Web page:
Tuesday, September 28, 2010

Things to Consider Before Starting a Strawberry Farm

It is becoming more and more difficult to run a profitable farm. Gasoline and fertilizer prices are going up, and expensive new equipment seems to be required more and more just to keep up with the farm down the street.

The difficult farming environment has caused some farmers to look for alternative crops and additional ways to generate extra revenue to maintain some semblance of profitability. One such alternative crop that has garnered interest recently is strawberries. If you are a farmer looking to diversify or a newbie looking to make a buck or two farming strawberries, here are the major points you should consider prior to committing time and resources to the endeavor:

1. Ensure you have the right type of acreage. Strawberries need at least 8 good inches of dirt in which to grow (more is better). Many farmers use raised beds, and the modern strawberry farmer uses plasticulture (requires a specialized tractor and planting equipment - neither of which are not cheap). A slope of 2 to 4 percent is needed to ensure adequate drainage, and the soil needs to be slightly acidic (pH 5.5 to 6.5, in general).

2. Research the strawberry cultivars and pick a variety that is suitable for your growing region. Growing a strawberry variety well-suited for Oregon in Florida will be a costly mistake!

3. Understand the business side of farming before buying your first strawberry plant. The number one measure of success or failure of a new strawberry farm is the business acumen of the owner. Good management is essential. Cash flow, financing, and marketing are all crucial to understand. A good budget is an essential component of farming success, as is understanding how to sell the strawberries.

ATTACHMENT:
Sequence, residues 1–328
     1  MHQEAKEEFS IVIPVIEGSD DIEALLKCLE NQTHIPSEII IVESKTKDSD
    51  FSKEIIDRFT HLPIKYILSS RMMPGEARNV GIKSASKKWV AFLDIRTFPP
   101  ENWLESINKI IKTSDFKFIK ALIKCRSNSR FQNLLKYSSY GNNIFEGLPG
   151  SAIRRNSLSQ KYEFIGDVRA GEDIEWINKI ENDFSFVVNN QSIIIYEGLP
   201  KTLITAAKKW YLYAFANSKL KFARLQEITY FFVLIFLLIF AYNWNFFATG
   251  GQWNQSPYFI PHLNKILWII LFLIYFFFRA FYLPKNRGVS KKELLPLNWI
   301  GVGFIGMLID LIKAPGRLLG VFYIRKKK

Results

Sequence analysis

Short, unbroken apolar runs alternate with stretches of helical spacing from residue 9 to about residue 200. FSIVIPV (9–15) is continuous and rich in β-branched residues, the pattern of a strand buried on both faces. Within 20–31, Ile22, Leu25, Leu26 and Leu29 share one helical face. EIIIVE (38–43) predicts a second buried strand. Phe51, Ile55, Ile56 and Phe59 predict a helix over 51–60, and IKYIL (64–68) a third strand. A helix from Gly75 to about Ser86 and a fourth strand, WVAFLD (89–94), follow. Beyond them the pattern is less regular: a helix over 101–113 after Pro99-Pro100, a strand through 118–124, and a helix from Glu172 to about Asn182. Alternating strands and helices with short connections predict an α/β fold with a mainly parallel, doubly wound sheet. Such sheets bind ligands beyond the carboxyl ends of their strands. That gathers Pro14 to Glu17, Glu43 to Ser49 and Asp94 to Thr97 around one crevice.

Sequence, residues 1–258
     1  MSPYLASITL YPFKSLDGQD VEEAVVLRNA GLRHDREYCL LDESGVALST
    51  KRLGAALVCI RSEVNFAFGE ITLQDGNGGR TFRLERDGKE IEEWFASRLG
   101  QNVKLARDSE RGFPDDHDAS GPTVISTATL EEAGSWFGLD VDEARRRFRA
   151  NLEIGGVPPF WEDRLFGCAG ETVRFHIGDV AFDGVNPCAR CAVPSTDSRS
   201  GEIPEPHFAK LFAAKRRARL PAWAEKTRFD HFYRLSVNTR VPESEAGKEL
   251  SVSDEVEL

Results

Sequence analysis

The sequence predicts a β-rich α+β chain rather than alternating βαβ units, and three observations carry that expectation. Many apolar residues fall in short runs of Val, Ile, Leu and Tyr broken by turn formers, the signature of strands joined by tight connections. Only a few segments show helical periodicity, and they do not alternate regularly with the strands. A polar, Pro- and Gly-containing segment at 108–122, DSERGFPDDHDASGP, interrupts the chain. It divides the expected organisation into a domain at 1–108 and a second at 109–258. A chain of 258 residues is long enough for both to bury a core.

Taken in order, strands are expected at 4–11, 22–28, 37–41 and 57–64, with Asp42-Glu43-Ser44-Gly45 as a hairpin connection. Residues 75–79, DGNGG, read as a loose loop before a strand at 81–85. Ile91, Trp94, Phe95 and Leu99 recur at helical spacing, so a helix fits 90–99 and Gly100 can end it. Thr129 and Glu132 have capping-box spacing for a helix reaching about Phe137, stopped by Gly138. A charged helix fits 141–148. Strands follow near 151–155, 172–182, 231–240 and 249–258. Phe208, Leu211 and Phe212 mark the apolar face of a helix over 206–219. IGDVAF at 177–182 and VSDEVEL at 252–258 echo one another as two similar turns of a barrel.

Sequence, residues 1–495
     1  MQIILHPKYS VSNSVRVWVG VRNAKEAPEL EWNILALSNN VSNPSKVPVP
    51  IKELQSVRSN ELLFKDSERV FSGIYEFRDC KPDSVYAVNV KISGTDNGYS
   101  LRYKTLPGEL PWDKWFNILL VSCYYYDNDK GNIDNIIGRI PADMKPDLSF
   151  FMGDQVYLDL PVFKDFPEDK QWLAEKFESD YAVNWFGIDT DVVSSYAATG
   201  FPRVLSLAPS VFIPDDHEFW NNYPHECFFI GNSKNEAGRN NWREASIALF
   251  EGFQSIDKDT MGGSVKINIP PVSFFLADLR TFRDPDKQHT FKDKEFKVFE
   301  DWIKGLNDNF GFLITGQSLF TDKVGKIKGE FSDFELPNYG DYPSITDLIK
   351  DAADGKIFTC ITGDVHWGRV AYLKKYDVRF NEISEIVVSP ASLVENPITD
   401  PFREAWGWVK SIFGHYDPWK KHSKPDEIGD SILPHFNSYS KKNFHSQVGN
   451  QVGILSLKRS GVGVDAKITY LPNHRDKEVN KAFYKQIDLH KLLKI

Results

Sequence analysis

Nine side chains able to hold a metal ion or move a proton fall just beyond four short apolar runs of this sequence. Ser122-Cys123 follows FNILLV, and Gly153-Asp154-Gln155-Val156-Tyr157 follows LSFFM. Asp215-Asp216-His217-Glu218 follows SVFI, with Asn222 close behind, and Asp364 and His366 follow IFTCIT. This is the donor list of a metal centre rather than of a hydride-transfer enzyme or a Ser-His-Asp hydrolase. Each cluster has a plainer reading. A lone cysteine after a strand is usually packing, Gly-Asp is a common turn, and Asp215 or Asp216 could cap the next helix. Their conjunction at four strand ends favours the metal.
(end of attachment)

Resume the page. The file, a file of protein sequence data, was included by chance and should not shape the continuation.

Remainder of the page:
4. Understand that capital will be needed. You will either have to spend your own saved money to get your strawberry operation off the ground, or you will have to borrow from a bank. Either your savings or your credit rating and reputation will be put at risk. It is important to understand this, because the venture is...

5. Realize that strawberry farming is risky business. Your profit can be consumed by mother nature. Severe winter temperatures or late spring frosts can decimate your strawberries. Excessive rains can rot the plants. There are numerous pathogens and parasites that can maim or destroy your fields. And, even if you have a bumper crop, if everyone else does as well, prices may fall and profits may disappear.

In other words, strawberry farming is not a means to a quick, guaranteed jackpot of a payday each spring. Yes, it can be profitable. But, it can also bankrupt a new farmer who does not understand the business, marketing, and management sides of the success equation.

So, if you are still considering strawberry farming, work your way through the above five points and ensure that you are up to the challenge. Set yourself up for success, and failure can often be held at bay. Good luck!

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